Girl Unit + Nguzunguzu Girl Unit's a Night Slug. Gross, right? Hardly. One of a number of increasingly prominent U.K. bass-music innovators, joined under the banner of the Night Slugs label, GU has a deep-seated love of American R&B and hip-hop, and it comes out in his productions, which are nonetheless decidedly from the U.K.: soulful and full of that low-end 808 whomp whomp dubstep fans crave. L.A. digi-tropical duo Nguzunguzu are hot off producing alien R&B for Kelela's wonderful Cut 4 Me. Primary. 10pm. $10–$12.
Chicago Tap Theatre: Tidings of Tap! Festive dances are on tap at this special performance by Chicago Tap Theatre, featuring dynamic interpretations of various Christmas, Chanukah and winter songs, as well as a dusting of indoor snow. University of Illinois at Chicago Theatre. 8pm. $35, seniors $27, students/dancers $22.
The holiday season brings with it a variety of seasonal stage entertainments, from a menagerie of Scrooges to religious-minded pageants to non-denominational family fun, such as the Hypocrites' Mikado. We reviewed 10 holiday offerings this year; click through the photos above for our full takes, or check out our more comprehensive guide to holiday plays.
As even those astronauts in the International Space Station know by now, Beyoncé shock-dropped a new album on iTunes at the stroke of midnight this morning. Titled BEYONCÉ (Of course. It was either that or Pepsi Blue.), Mrs. Carter's fifth album is a shadowy, downtempo showcase for her unparalleled pipes. "Radio tell me, Speed it up / I just go slower," the 32-year-old raps in "Partition." So, if you're looking for another "Single Ladies," you might be bummed, irrationally.
Well, not quite. The incredible "Grown Woman," which comes off like Major Lazer producing an Afrobeat track for MJ's Thriller, made my day. Over and over. Upon downloading these 1.17 GB, I immediately dug through the tracks to find this year's "Countdown," my favorite song of 2011. "Grown Woman" is it. Unfortunately, it's not exactly on the album proper. The cut comes as bonus video at the tail end of this "visual album." Oh, right, I forgot to mention: There's a slick, expensive, choreography-and-booty-riddled music video for each and every track. Eat that, Taylor Swift. Watching is easily the best way to experience the record (if we can still call this merely a "record").
Lucky us, we get the queen herself in concert tonight, at the United Center. To celebrate, I've ranked all 17 new videos. Here is the countdown:
I’ve heard a lot of brewers say that their brewing philosophy is “______ with a twist.” But Begyle is one of the few breweries who have demonstrated that twist with quiet consistency. Their first beer was a pale ale, but with added wheat. Instead of angry, demonic names (Malevolence, Dark Lord, Darkness, Wake Up Dead), their stouts were cuddly little Flannel Pajamas and oh-hey-nice-to-see-you Neighborly. Their summer beer was released days before September. Christmas ales are often spiced with nutmeg, clove, allspice and ginger—theirs uses bay leaves and sassafras instead. You see a pattern forming. Begyle’s beers are just different enough to take notice, but not crazy enough to, well… to be Pipeworks.
The Christmas Ale is one of the first few batches on their new, expanded 10bbl system—one that Begyle’s Kevin Cary tells me is “a little oversized for us at the moment”—that’s been operating since November. While brewing on their new toys and waiting for a few final T’s to be crossed with the build-out and licensing of their retail space, Begyle opened reservations for their much-discussed Community Supported Brewery program.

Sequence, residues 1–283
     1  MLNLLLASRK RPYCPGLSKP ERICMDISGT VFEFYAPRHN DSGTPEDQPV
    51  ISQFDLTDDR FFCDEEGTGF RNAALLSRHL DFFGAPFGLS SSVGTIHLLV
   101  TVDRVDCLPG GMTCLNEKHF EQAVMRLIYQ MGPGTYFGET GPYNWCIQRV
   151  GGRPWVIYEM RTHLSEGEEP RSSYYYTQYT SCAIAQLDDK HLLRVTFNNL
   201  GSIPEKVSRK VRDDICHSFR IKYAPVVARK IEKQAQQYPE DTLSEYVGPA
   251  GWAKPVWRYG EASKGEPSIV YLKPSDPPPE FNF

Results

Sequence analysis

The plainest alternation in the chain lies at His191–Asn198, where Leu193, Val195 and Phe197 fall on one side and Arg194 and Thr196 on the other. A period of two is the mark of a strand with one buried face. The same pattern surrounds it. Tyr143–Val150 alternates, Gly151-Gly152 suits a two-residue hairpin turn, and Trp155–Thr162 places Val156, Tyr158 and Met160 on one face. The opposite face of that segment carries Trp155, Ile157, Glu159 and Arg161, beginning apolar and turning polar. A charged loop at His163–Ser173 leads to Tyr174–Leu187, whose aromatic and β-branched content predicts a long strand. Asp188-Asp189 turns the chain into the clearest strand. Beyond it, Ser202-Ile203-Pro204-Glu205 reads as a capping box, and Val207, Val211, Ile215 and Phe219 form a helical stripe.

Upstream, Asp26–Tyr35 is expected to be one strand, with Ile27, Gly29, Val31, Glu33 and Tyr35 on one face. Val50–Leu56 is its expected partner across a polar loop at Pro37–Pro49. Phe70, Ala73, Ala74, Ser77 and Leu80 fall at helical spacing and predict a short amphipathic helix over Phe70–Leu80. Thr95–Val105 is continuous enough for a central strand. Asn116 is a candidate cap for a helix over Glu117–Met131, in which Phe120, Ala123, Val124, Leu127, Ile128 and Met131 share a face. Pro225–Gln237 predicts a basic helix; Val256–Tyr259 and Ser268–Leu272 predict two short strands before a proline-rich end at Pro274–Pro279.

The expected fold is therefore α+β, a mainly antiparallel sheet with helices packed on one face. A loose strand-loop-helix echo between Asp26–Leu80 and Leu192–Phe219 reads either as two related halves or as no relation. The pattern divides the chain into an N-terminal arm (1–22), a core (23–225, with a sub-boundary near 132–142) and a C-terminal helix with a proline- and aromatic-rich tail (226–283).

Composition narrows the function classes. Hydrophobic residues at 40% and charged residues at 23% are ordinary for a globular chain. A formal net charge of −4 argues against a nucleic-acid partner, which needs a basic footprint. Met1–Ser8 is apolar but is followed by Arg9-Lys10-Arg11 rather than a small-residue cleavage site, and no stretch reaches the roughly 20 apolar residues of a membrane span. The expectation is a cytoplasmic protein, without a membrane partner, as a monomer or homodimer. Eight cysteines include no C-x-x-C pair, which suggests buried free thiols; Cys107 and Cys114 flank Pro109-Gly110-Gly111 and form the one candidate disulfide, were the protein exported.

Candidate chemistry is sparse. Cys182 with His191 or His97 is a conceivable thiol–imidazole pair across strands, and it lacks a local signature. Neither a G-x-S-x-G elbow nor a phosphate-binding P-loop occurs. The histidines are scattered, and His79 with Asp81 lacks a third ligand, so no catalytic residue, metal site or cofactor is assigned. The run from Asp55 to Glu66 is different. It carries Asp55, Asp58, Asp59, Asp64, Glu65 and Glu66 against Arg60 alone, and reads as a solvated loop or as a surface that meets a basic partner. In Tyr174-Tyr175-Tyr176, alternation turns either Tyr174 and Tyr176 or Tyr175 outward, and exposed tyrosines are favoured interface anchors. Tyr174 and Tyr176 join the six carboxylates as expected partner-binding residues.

The Drake concert experience is all about rings. The rapper performs atop a circular catwalk, his band tucked in the dark of the hole. Another large ring hangs above his head, a massive halo. Smoke arises from the ring, as many in the crowd blow their own smoke rings. Late in the show, a ring lifts the 27-year-old into the rafters, like a Bulls championship banner, so that he may serenade the cheap(er) seats.
Aside from the occasional guest vocalist—the breathy siren Jhené Aiko, the amusingly emo and dopey ATLien rapper Future, a man dressed as the owl mascot from his October's Very Own brand logo—it's largely just Drake up there on his Would You Like a Tour? Tour. Nothing else is needed. Like perhaps a mere handful of other MCs, Drake can capture a stadium in his aura with no accompaniment. Hubris helps. Golden light throws his shadow large against the backdrop, projecting a two-story Drake, as he both boasts of his fortune and struggles to maintain humility on his songs largely pulled from his last two albums, Take Care and Nothing Was the Same. The Toronto native closes with "Started from the Bottom." A couple ten thousand people overlook the mistruth of the song title and imagine themselves in his shoes.
That's the difference between Yeezy and Drizzy. Kanye underlines how nobody can or will be like him. Drake instills the idea that his lifestyle is attainable. Even if that's just an illusion, like his shadow projected in a haze.
We dine out constantly in pursuit of finding the best places to go (and the places to avoid), and along the way, we find some dishes that we just can't stop thinking about. With help from former Restaurants & Bars editor Julia Kramer, we rounded up everything from tiny bar bites to dishes designed for sharing, from coffee to Malört, from doughnuts to ice cream. Here's our list of the 100 best things we ate and drank this year.
ART & DESIGN
Paul Sietsema In his most comprehensive exhibition to date, the L.A.-based artist explores image-making—"a less significant event than it used to be," he explains—via film, drawings, paintings and other works on paper. The goal of his labor-and time-intensive works is to restore some signficance to the act of capturing an image. Museum of Contemporary Art. 10am–6pm.
Adventure Club + Mord Fustang The Montreal duo known as Adventure Club formed two years ago and quickly inspired a legion of followers thanks to sonically twisted dubstep remixes of '50s stars the Shangri-Las, indie rockers Metric and Temper Trap, and a few original productions. The two throw down a properly bass-driven set here. If you thought this EDM mania was a U.S. phenomenon only, think again. When you have Estonian beatmakers coming to the Concord, that means it's on a whole other level. Electro, house and dubstep rising star Mord Fustang sprinkles in 8-Bit arcade sounds to his heavy, blissed out assault. Concord Music Hall. 8pm. $35; 18 and older.